How a near-earth asteroid can help fight climate change

The current levels of CO2 in the atmosphere are well par the considered safe mark of 350ppm causing all kinds of changes in the normal climate cycle of our planet. While environmentalists are working hard to encourage and educate consumers and industries about the possible effects of greenhouse gases, there are some scientists who are working on ways by which we can buy more time to solve the problems. These large scale engineering projects, commonly called geoengineering, aim to change the conditions mostly by reducing the amount of incident sunlight. We have reported about some of the most ingenious geoengineering proposals in the past too and today we have another similar solution from a team of Scottish scientists who are proposing an out of the world solution to protect the planet from an environmental catastrophe.

The team in Scotland is suggesting the use of an asteroid to create a giant dust cloud in space, which can act as a sunshade for the Earth. Another proposal on the same lines aimed to shade the Earth from the sun using giant mirrors in space, which could reflect sunshine back to where it came from. However, the cost of launching mirrors on that scale to space, is definitely not viable for the global economy. The Scottish team’s idea is to place an asteroid at Lagrange Point L1, a site in space where the gravitational pull of the Sun and the Earth cancel each other out.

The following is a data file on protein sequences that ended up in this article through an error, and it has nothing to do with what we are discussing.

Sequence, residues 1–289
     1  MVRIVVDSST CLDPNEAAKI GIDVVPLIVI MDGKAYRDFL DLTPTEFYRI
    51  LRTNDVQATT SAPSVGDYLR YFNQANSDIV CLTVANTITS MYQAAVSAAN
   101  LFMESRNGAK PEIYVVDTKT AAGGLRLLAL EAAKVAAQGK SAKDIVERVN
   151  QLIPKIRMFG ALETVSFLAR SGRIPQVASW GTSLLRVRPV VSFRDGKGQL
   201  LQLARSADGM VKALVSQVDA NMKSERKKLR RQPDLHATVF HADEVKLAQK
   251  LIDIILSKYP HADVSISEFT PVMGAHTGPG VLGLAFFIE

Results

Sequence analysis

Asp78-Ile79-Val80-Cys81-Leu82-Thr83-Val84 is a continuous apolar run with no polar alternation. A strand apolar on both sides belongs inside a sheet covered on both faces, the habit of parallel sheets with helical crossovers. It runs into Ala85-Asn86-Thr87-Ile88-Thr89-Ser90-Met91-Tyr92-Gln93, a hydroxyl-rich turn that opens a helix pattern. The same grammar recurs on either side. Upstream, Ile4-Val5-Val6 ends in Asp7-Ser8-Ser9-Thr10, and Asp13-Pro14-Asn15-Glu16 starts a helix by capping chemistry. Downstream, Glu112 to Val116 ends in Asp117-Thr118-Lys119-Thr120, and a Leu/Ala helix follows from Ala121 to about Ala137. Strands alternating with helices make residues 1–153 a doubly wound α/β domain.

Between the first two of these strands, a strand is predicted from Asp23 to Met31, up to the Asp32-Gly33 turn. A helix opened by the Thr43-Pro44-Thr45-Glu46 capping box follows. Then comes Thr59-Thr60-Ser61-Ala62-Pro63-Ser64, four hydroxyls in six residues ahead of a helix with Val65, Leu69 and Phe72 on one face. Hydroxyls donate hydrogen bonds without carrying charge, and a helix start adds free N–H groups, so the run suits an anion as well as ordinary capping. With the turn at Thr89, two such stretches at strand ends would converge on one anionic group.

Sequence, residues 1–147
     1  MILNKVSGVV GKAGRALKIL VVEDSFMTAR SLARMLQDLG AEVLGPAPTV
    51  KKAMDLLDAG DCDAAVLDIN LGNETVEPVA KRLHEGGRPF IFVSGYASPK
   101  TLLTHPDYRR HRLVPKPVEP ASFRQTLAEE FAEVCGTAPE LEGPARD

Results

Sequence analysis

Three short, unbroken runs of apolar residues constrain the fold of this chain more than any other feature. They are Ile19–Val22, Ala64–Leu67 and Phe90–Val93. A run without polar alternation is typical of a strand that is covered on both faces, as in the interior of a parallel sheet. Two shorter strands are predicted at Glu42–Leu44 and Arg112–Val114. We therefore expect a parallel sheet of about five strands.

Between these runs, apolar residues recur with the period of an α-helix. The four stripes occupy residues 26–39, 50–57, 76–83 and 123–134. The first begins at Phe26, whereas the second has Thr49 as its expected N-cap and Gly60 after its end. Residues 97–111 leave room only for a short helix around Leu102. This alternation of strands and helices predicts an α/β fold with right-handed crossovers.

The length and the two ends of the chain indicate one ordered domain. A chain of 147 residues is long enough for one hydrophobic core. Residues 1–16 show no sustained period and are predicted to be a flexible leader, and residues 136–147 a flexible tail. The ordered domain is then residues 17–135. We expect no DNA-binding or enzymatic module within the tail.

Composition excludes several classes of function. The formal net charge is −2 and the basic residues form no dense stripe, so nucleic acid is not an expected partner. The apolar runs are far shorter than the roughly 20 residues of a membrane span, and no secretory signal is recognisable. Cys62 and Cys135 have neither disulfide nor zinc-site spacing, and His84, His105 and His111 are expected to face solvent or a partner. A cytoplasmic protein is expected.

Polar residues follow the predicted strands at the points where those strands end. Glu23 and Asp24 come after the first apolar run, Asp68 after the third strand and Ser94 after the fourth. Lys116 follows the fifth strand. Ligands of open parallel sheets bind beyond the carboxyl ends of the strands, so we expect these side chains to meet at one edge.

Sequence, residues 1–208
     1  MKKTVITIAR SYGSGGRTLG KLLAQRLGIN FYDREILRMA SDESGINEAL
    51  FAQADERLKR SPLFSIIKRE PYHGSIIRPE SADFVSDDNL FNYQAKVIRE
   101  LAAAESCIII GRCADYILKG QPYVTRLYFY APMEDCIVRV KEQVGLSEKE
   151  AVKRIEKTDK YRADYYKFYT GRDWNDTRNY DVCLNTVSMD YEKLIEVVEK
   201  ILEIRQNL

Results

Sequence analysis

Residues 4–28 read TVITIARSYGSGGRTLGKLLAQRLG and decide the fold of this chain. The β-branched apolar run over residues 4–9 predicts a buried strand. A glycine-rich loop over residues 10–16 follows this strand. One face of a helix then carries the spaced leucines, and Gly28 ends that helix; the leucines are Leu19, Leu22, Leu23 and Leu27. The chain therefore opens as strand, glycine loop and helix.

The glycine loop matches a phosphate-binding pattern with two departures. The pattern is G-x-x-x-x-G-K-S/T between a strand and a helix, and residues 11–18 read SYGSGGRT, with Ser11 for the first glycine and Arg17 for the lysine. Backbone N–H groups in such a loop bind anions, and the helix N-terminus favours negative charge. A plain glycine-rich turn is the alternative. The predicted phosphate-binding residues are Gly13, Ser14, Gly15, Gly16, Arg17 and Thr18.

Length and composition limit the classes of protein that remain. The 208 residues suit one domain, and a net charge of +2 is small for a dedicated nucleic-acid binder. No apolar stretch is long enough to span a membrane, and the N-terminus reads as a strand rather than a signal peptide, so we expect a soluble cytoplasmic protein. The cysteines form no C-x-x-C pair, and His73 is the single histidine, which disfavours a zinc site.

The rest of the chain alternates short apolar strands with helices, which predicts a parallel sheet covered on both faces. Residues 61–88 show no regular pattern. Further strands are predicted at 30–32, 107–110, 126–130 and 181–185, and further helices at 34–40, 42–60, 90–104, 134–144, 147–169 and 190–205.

The plan is to outfit an asteroid with a “mass-driver”, a machine consisting of electromagnets that could hurl asteroid matter away from the rock, creating a plume of sun-shielding asteroid dust. The research team believes that the largest near-earth asteroid, 1036 Ganymed, could maintain the dust cloud enough to block 6.58 percent of solar radiation, enough to cool our planet. The cloud of dust will be about five million-billion kilograms in mass and about 1600 miles wide.

Asteroids have always been believed as one of the biggest space-based threats to the Earth and humanity and the plan of using one of the biggest near-Earth asteroids as a savior doesn’t seem like a cake walk. With current technology, it is not easy to push an asteroid the size of Ganymed to the desired location in space and using a machine that cannot actually be previously tested to spew out dust seems a futuristic, if not entirely impossible, task. Still if the research team comes up with an equally ingenious way to capture the asteroid, push it to the Lagrange Point L1 and fit it with a machine that cannot be tested, there isn’t really a way to control the amount of mass that will be ejected from the asteroid. Too less and it’s not effective, too much and we’re too cold. Still if the best conditions are maintained, the effectiveness of the asteroid dust will dilute over time as CO2 concentrations will rise and the cloud will disperse naturally.

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